Every year, Verisign iDefense Security Intelligence Services produces its Cyberthreats and Trends Report, which provides an overview of the key cybersecurity trends of the previous year and insight into how Verisign believes those trends will evolve. This report is designed to assist in informing cybersecurity and business operations teams of the critical cyberthreats and trends impacting their enterprises, helping them to anticipate key developments and more effectively triage attacks and allocate their limited resources.
Here is a look at the topics and findings covered in this year’s report:
The Verisign iDefense 2016 Cyberthreats and Trends Report provides an overview of the key cybersecurity trends of the previous year and insight into how Verisign believes those trends will evolve over the coming year.
• Financial motives – Even though international law enforcement agencies saw some success against cybercriminal groups and campaigns, the practice of leveraging cyber-attacks for financial gain itself grew and evolved in 2015.
• Darknet and extortion use grows – As cybercriminals moved away from once-reliable communications and coordination channels to others offering more secrecy, some groups found new success using an old criminal method — extortion — to achieve their goals.
• Adobe Flash exploitation – The Verisign iDefense team observed that Adobe Flash largely replaced Java as the vector of choice for attackers, and these attackers also proved capable at using these vulnerabilities to power new and more effective automated exploit kits.
• Shift to criminal and notoriety hacktivism – Ideological motivations largely took a back seat to more criminal- and notoriety-focused hacktivist attacks. Simultaneously, hacktivists seemingly learned from law enforcement successes and made secrecy and security of their operations a higher priority, which will no doubt make future attacks less predictable and more difficult to combat.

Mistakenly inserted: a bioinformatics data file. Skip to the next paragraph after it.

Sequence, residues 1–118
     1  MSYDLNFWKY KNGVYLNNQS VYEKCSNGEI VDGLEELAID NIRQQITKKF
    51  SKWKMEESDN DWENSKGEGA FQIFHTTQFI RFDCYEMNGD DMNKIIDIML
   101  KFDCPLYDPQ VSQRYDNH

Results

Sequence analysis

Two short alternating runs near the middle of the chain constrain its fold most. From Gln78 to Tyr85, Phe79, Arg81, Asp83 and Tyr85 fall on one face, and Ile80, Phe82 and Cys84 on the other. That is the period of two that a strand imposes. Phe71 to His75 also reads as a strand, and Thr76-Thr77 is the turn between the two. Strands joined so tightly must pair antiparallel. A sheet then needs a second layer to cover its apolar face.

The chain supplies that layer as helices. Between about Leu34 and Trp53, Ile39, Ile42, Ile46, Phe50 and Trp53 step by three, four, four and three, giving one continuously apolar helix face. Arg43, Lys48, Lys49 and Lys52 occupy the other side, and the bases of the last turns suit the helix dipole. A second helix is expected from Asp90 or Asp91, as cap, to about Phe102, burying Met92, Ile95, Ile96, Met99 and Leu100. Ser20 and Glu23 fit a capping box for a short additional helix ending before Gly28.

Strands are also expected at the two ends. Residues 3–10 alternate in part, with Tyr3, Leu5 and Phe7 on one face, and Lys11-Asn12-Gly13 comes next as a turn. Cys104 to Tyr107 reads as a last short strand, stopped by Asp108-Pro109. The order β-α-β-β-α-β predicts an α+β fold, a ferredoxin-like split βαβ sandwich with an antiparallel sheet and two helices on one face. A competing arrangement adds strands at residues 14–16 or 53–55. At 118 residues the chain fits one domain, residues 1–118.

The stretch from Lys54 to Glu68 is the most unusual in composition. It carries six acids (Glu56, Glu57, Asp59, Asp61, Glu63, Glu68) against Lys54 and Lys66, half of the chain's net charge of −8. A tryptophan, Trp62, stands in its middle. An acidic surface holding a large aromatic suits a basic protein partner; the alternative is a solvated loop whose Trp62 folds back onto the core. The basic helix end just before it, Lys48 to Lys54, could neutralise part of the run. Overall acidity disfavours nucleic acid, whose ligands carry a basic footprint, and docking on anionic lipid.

• Distributed denial of service (DDoS) attacks on the rise – DDoS attacks also grew in size, duration, complexity and frequency in 2015, likely due to the availability and affordability of DDoS-for-hire (or “booter”) services.
Our growing reliance on the digital world for business tasks has forced security practitioners to accept an increasingly stark reality: Attackers are no longer interested solely in taking down large enterprise networks or just stealing data, nor are they limited by their own ingenuity and skill. Security teams in 2016 and beyond must now also guard against purely destructive and punitive threats, and not just to themselves, but also to their supply chains, social media channels and other elements of the business ecosystem, both online and off.
Understanding the complexity of the cyberthreat landscape is critical to keeping pace with today’s cybercriminals, hacktivists and thrill seekers, who have proved to be very adept at leveraging security weaknesses and standardized technologies and practices for profit, notoriety, ideology or combinations of the three.